The house I’ve known

Dear Kids,

I’ve been meaning to tell you about a house that I’ve considered a second home for most of my life. The house of my aunt and uncle in Germany. I’ve been coming to this house since I was a teenager. Once or twice a year. I’ve slept up in the loft, under the skylights and the wooden roof, although this past visit, I decided to sleep with you in the lower bedroom, on mattresses on the floor.

Who knows how much longer we will be able to do that.

Anyway, the house has a lovely garden which turns into a beautiful snow garden in winter, and where we eat breakfast barefoot in the summer. There’s an apple tree which my aunt and uncle collect apples and take them to be pressed for juice which lasts all year long. There’s a red currant bush which both of you have eaten from since you were small babies. I too have eaten from that bush for as long as I can remember, juicy sour red currants popped into your mouth, or a handful picked and thrown into some organic whole milk yogurt and sugar for dessert.

There are also raspberry bushes and blackberry bushes where we pick berries and get occasional thorns in our fingers.

The house is made of wood, has an aforementioned sleeping loft where I’ve been sleeping since I was allowed to climb the winding ladder that leads up to it. You can see snow drift down as you lay in bed, or rain sleeting down in summer thunderstorms. There is a fireplace and worn down green velvet couches that I have napped on since a young age. Sometimes when I’m restless, I picture myself napping on that green couch, with the fireplace crackling and the wool tartan throw that is stored underneath the couch for impromptu siestas.

My aunt uses a Provence woven basket to bring out the breakfast things to the side stone porch or the grassy back garden, depending on where we decide. There is always good black tea with milk, and homemade jams, always homemade jams: currant, plum, citrus, raspberry, cherry, etc.

The house has wood floors covered with antique rugs, and an antique writing desk in the living room, and a wooden table in the kitchen that I have enjoyed many relaxing moments at. My aunt took up sculpting full-time after retiring as a pharmacist and the house and garden are filled with her wood and stone sculptures. In summer she attaches a swing to one of her outside metal arch sculptures in the garden and you both swing on it.

There are tiles in the bathroom that have been there since the late 80s but still manage to look elegant. The bathtub is surrounded by river rocks collected over the years. The downstairs bathroom also has windows covered in coloured glass, and crystals and stones decorating the window sill.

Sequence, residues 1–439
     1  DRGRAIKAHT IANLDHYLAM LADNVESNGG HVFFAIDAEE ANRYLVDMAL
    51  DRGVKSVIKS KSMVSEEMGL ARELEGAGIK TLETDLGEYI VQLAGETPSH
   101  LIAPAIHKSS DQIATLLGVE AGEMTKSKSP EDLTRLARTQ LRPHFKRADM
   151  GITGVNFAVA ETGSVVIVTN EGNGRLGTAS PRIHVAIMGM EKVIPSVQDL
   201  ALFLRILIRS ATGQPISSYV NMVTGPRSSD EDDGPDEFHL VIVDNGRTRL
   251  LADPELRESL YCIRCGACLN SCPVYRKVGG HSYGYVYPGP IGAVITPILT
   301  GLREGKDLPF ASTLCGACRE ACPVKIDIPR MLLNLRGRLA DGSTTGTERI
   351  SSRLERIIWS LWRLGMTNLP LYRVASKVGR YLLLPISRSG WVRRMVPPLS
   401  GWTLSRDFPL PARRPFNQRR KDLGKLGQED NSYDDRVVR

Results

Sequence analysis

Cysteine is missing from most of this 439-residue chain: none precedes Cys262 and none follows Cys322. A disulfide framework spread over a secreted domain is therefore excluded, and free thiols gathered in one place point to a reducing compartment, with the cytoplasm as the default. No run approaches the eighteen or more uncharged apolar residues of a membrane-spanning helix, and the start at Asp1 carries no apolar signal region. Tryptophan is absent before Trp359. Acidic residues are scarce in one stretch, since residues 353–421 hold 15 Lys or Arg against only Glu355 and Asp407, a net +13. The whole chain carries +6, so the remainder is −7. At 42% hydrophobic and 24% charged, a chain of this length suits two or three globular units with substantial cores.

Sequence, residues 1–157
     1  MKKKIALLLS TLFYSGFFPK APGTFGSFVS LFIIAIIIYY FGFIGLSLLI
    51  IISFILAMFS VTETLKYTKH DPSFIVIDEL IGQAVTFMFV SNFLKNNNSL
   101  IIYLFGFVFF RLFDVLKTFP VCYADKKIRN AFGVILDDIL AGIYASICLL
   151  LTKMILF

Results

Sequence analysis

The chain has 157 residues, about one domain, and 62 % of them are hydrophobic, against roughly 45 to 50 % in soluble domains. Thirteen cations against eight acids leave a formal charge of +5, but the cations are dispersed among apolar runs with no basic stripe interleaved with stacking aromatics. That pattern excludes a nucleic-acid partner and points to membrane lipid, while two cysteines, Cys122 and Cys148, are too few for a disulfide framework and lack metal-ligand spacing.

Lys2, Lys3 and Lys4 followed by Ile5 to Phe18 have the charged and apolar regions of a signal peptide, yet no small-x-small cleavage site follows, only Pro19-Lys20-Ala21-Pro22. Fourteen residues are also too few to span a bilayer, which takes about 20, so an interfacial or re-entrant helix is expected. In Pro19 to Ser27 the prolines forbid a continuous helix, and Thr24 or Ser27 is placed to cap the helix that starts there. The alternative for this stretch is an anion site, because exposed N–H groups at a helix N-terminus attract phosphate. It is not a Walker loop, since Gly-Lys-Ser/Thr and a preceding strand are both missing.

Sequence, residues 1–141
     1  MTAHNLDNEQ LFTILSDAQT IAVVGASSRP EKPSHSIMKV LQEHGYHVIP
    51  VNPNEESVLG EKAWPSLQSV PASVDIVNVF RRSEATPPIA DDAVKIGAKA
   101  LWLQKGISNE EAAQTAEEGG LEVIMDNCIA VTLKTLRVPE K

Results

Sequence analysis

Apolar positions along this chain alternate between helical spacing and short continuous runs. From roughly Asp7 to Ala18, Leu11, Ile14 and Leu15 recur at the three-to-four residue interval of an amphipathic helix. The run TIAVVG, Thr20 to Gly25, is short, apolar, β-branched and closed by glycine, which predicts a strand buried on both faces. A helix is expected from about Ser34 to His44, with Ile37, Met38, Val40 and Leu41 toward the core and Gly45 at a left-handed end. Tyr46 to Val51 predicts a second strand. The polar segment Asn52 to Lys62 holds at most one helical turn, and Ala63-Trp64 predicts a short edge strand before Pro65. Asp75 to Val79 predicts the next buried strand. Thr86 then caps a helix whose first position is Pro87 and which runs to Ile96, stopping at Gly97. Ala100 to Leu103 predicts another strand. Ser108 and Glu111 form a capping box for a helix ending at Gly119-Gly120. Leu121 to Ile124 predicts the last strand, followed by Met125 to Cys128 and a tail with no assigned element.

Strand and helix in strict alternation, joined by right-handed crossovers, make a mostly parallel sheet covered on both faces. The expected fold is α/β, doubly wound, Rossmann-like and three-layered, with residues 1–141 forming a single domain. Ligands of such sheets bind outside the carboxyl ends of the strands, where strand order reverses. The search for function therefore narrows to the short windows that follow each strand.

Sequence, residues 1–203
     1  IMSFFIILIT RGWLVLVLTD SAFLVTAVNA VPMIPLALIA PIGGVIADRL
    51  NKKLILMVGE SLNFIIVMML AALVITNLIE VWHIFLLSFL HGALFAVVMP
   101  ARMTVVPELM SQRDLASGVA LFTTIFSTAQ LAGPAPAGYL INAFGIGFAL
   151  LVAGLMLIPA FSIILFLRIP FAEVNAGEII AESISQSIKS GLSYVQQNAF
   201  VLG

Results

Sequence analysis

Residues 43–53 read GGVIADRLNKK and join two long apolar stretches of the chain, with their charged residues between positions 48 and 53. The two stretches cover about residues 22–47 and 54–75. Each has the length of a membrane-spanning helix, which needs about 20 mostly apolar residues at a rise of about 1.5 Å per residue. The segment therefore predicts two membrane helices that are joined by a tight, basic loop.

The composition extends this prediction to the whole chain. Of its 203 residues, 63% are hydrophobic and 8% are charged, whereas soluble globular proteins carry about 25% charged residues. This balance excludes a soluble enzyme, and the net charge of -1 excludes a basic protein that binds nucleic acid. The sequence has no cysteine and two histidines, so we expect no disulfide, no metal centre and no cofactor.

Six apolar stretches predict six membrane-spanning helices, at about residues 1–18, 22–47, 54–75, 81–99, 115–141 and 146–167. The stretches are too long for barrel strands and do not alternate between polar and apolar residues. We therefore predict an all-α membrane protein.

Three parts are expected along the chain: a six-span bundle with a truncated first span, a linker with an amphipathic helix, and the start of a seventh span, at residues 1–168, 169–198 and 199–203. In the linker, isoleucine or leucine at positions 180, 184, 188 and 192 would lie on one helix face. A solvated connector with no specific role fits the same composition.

There is a big park nearby with two playgrounds, one of them a wonderful eco-playground made out of natural materials: a wooden tree house, a climbing maze made of tree trunks, a double rope swing, a lion tunnel, etc. There’s a plum tree that drops sweet plums on you as you enter the park in summer.

My aunt and uncle both have their own rooms and then a sleeping room that they share. My aunt’s room is filled with books and artwork, much of it her own. She has her tarot cards, candles, art supplies, photos of family, paper, pens, and little toys for her grandkids. She also keeps a shelf of children’s books for her grandchildren.

They do all their shopping at the local bakery and the local organic supermarket. They always have wonderful cheeses, sweet butter, good quality milk, and many other basics in their small fridge. They also have a wine cellar and as the cellar is stone and therefore cool, they keep much of their food down there to stay fresh.

My aunt has an admirable “lebensfreude”, one that I strive for. At nearly 80 years old, both her and my uncle are very fit. They ski, they take week long bike trips across Germany and Austria. They go every spring to Greece and do a sculpting workshop in France in autumn. They walk and bike a lot, and swim in the summer.

My aunt has always been a role model for me for quality of life. The way she brings beauty into every moment of the day. For her, things don’t have to be perfect. Their house is very clean, but there are pockets that aren’t tidy, her room is an artistic clutter. They aren’t always on time. So things don’t have to be perfect, but for her, it’s important that things are beautiful. Beautiful outings, even a simple cup of tea. Importance is placed on beauty and this brings an oasis of calm to their house.

My aunt has an artistic yet classic sense of style. She wears earth tones and has a small collection of artisan jewelry, simple and tasteful. She gets her hair done every seven weeks and does it herself the rest of the time. She wears Camper shoes as they are comfortable and stylish. She takes pride in her appearance. She has a collection of perfume in the bathroom that I remember sampling from when I was a teenager.

She has been a great influence on me. When I was a teenager and would come to visit, she would always take me to the ballet, and to art museums in Munich. She also taught me about tarot. We started doing yearly tarot readings together when I was around 17 years old, and it is this influence that has helped me with my own self-reflection.

Now that my own mother is gone from this plane, I am grateful to have them, grateful that my own children are able to know them a little bit. I hope we have more time to spend with them in their lovely world.

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